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LONDON, DUBLIN and BRUSSELS — Meet the new Brexit row, same as the old Brexit row.
Britain and the European Union are once again heading for a standoff over post-Brexit trading rules governed by the Northern Ireland protocol. Here’s everything you need to know about how we got here — and what might be coming next.
What are they fighting about this time?
After more than a year of talks with the EU, the U.K. is threatening to go it alone and fix disputed parts of a post-Brexit deal governing trade across the Irish Sea, known as the Northern Ireland protocol.
A promise of domestic U.K. legislation granting ministers the power to ignore parts of the protocol is expected Tuesday — and will very likely trigger fresh anger in Brussels and Washington.
Sorry, what’s the Northern Ireland protocol again?
Agreed as part of the Brexit Withdrawal Agreement in 2019, the protocol was drawn up to protect the EU’s single market after Britain exited in January 2021.
Both U.K. and EU negotiators agreed that it would be too difficult on economic and security grounds to enforce EU trade rules on the land border between Northern Ireland, part of the U.K., and the Republic of Ireland, an EU member.
Instead, the EU’s customs and sanitary controls would be applied on British goods as they arrived at ports in Northern Ireland, which would remain part of the EU’s single market for goods.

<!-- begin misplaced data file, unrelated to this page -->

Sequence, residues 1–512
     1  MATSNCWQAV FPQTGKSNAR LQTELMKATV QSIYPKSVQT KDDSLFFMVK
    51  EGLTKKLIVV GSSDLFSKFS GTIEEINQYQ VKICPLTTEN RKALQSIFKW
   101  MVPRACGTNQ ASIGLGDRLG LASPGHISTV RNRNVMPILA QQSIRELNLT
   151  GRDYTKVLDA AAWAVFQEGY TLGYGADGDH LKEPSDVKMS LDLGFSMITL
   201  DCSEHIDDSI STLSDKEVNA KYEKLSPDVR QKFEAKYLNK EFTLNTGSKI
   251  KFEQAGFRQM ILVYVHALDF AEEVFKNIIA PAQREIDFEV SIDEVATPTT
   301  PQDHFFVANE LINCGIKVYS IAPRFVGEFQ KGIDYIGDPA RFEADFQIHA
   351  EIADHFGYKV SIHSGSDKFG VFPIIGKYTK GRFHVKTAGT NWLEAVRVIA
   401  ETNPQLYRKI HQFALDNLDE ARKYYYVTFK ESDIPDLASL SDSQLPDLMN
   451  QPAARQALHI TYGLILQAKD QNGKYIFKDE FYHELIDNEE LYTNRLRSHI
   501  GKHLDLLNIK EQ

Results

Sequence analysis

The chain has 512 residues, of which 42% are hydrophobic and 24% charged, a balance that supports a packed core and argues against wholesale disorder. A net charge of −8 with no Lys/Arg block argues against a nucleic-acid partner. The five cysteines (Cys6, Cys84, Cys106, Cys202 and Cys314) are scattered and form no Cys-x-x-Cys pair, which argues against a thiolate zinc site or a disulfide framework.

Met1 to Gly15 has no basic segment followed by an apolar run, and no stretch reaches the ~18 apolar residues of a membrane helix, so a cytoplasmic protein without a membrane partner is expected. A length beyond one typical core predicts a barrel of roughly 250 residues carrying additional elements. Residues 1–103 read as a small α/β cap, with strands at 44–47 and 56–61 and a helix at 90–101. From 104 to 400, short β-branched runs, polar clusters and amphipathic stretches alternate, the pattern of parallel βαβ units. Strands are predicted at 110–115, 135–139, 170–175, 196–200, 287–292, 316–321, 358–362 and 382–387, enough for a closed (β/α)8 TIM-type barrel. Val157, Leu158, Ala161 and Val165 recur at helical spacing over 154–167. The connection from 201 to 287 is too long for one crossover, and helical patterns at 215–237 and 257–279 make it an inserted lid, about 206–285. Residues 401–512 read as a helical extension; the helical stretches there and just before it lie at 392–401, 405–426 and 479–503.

The arrangement offered two big advantages: Checks would overwhelmingly be in one direction only, whereas enforcement on the Irish border would have required checks on shipments in both directions; and Northern Ireland producers would gain a unique ability to export barrier-free both to the U.K. and the EU, a potential sales point for inward investment.
So what’s not to like?
Plenty, if you’re a hard-line unionist committed to maintaining Northern Ireland’s place in the U.K. and hostile to closer relations with the Irish Republic.
Creating controls on goods arriving from Britain, while keeping such trade to and from the south of Ireland barrier-free, was always going to unsettle unionists sensing that the protocol was tilting the balance of business toward Irish unity and away from the U.K. “mainland.” Irish nationalists, who overwhelmingly opposed Brexit, accepted the protocol for much the same reason.